To inspire employees to take personal accountability for creating a more inclusive workforce, leaders can’t just “talk the talk,” they must also “walk the walk.” Leaders who own the need for greater diversity and inclusion — rather than approaching diversity and inclusion as mere HR initiatives — set the bar for the organization as a whole.
Leaders ought to identify company and department goals centered on diversity and inclusion, and subsequently ensure that employees understand, agree with, and are invested in these targets. Leaders can then emulate the behaviors that all employees should take on in order to deliver on those goals, and create opportunities for all employees to express their ideas and feedback for optimizing the culture shift. But above all, ensure you’re modeling the change.
When leaders model the beliefs, actions, and behaviors needed to achieve organizational goals, they encourage the same patterns in those looking up to them. The result? All members of the organization begin demonstrating and acting in alignment with the new beliefs — beliefs such as Diversity makes our team stronger and When we include others, we achieve better outcomes. Collectively, these patterns translate to an organization-wide shift toward greater diversity and inclusion in the workplace, which generates improved topline results.
Developing a Strong System of Support
While leaders play an integral part in culture change, they can’t drive a renewed sense of inclusivity among every employee alone. This is where the organization’s human resources (HR) department comes into play.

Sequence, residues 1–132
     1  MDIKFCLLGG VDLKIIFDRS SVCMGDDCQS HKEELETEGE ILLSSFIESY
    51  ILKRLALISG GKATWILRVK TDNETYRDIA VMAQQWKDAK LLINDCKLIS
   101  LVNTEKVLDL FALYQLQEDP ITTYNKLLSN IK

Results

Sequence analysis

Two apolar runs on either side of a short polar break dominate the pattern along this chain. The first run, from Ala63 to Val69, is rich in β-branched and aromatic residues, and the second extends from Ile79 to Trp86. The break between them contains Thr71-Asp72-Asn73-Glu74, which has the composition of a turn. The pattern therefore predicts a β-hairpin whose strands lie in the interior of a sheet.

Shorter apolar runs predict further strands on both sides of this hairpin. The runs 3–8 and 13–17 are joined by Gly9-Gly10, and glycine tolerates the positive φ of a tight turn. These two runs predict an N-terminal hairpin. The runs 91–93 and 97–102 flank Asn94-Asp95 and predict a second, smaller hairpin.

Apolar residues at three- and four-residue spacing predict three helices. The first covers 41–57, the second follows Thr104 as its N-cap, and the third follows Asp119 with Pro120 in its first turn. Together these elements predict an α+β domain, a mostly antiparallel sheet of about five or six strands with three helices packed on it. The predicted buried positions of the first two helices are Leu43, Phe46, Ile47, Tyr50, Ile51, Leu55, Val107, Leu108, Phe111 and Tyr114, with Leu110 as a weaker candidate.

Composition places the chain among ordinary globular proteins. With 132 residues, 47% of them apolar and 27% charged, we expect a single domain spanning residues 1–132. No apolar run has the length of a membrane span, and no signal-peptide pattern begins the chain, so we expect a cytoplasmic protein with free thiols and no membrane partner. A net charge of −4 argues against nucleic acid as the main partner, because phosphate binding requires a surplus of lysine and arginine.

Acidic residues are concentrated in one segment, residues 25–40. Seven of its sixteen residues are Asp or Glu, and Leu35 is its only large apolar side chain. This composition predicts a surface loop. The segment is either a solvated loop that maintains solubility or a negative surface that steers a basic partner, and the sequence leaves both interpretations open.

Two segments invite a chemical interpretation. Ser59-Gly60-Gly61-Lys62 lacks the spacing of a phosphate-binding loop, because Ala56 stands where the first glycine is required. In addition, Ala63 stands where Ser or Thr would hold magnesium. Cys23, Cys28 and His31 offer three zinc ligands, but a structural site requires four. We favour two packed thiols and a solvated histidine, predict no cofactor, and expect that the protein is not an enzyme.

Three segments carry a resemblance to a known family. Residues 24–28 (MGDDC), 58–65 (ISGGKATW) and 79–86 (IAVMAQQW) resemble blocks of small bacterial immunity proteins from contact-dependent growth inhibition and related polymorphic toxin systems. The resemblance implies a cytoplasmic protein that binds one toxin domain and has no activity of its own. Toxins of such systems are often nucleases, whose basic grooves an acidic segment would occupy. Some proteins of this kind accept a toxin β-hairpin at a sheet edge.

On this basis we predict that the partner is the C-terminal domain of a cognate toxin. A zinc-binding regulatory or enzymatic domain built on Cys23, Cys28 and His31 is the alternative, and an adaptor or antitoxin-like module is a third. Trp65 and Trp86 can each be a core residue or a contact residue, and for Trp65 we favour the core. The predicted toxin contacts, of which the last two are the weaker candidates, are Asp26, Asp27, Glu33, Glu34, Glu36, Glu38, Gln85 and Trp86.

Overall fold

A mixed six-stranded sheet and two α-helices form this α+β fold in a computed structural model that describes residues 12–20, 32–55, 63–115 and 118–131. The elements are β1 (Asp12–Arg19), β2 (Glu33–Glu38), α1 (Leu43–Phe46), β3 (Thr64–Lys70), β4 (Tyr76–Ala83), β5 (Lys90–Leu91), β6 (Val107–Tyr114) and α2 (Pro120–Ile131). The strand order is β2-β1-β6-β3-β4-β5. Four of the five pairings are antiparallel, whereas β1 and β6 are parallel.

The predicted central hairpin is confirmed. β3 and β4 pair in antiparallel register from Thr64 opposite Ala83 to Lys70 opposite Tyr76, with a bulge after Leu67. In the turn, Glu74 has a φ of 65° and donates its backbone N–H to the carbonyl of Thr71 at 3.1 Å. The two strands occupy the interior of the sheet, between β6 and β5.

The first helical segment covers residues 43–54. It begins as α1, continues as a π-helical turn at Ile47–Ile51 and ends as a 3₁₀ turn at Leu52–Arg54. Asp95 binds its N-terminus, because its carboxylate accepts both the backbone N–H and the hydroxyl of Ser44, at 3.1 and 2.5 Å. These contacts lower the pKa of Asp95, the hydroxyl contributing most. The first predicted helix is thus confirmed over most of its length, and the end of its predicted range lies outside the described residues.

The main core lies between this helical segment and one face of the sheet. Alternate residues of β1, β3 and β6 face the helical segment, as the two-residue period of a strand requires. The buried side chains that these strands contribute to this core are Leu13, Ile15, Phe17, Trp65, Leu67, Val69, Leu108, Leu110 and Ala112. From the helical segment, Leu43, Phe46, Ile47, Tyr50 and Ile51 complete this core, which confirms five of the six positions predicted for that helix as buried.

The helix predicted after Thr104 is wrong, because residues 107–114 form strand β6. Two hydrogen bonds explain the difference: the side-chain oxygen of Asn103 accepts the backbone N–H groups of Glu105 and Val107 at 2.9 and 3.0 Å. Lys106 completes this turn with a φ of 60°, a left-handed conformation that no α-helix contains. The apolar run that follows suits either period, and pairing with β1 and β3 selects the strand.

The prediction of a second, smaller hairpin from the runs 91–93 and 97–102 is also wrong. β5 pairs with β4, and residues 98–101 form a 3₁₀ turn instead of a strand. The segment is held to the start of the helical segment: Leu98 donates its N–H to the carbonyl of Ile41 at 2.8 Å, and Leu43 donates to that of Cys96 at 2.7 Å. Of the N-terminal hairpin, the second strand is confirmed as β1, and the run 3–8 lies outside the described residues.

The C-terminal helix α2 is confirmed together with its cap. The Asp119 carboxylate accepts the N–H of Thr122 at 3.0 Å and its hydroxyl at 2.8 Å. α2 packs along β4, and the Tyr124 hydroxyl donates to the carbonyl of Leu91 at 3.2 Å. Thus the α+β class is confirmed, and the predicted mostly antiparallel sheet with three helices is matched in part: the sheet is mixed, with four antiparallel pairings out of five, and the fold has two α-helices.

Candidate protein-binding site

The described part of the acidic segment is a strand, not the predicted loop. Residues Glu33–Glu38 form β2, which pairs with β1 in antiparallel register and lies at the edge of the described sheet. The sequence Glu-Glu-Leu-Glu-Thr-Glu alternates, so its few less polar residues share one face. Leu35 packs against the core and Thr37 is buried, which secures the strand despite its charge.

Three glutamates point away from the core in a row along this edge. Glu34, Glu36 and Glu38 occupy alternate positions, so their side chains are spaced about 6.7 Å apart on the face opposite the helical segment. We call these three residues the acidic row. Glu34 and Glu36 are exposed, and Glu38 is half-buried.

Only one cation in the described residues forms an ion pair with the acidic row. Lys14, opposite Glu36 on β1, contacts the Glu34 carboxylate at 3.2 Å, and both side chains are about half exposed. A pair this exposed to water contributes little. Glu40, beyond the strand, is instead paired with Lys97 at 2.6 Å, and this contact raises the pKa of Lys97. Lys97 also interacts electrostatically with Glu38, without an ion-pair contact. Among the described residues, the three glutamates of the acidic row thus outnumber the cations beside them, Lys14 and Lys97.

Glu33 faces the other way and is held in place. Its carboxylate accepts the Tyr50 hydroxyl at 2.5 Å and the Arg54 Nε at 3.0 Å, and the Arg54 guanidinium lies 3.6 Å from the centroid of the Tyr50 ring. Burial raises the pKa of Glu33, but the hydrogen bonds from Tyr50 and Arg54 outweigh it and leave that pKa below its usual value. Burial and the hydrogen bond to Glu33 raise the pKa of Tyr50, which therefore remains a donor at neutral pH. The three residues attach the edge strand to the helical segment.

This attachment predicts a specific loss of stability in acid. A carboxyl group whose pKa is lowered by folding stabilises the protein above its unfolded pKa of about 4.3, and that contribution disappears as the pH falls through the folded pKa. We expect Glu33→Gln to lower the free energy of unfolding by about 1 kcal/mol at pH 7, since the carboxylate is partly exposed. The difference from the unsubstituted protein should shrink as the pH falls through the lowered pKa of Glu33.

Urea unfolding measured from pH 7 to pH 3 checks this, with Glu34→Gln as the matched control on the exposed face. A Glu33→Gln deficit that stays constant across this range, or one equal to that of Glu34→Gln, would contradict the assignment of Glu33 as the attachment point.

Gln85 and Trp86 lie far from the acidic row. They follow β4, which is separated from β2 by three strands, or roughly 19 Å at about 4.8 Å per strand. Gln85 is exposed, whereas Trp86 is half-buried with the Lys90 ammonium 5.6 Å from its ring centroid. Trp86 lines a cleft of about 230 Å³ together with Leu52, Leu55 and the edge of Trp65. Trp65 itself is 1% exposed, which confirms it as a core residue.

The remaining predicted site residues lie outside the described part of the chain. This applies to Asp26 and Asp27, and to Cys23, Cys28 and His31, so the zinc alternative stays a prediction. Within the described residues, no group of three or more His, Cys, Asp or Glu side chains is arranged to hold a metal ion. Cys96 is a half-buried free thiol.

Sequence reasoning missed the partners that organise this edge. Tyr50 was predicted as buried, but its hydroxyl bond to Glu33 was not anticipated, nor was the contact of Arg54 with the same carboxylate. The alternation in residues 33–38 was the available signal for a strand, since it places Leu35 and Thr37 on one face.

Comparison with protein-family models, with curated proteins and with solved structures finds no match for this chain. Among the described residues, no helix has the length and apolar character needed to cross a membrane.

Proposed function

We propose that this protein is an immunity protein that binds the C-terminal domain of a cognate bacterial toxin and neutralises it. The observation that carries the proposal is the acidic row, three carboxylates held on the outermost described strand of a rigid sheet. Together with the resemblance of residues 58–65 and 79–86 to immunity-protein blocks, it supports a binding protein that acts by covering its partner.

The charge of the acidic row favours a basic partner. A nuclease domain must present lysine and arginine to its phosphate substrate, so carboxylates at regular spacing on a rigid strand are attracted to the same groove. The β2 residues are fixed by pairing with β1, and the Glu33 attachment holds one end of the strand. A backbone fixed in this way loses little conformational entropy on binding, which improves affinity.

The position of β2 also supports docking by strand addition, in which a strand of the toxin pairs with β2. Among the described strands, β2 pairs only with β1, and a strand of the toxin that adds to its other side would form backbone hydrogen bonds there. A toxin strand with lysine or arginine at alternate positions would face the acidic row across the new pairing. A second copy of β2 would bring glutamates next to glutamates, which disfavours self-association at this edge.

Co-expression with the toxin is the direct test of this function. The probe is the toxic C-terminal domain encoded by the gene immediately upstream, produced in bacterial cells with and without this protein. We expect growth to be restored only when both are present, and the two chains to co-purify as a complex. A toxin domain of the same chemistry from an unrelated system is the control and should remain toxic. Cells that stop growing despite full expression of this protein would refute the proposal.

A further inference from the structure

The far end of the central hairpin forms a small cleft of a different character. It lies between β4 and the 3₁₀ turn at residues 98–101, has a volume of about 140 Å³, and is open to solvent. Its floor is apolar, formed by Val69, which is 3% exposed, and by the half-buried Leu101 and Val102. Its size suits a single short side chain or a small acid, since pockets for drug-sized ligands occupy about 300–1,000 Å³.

In partnership with HR, leaders can create more systemic change through company-wide trainings that teach all employees what role they must take in creating an inclusive company culture. These experiences generate beliefs that align with desired diversity and inclusion goals, driving the behaviors needed to create a more welcoming company culture.
Fostering Innovation Through Diverse Perspectives
When leaders welcome and celebrate a diverse organizational culture, they’re not only upholding ethical business policies — they’re gaining a competitive advantage.
Our Workplace Accountability Study found that nearly one in three people feel their organizations’ ability to gain the perspective of others is a strength that gives them a leg up on less diverse and inclusive corporate cultures. They aren’t wrong in this assumption: decades of research suggests that working with diverse groups of people encourages more innovative thinking, inspiring team members to embrace creativity and develop more effective solutions.
But to reap the benefits of a truly diverse workforce, leaders must define the organization’s diversity and inclusion goals, model the beliefs and actions needed to achieve these goals, and collaborate with HR to implement engaging company-wide trainings. Following these steps, leaders promote increased personal and organizational accountability for diversity and inclusion at work. As such, they advance workplace equality and position their organizations for improved topline performance.
The revolutionary Workplace Accountability Index is the first tool on the market with the ability to quantify critical cultural performance factors — such as how frequently employees seek the perspectives of others. Equipped with insights like these, organizational leaders are able to pinpoint areas where improved inclusion and accountability are needed.
Learn more about how the Workplace Accountability Index can position your business for sustained success.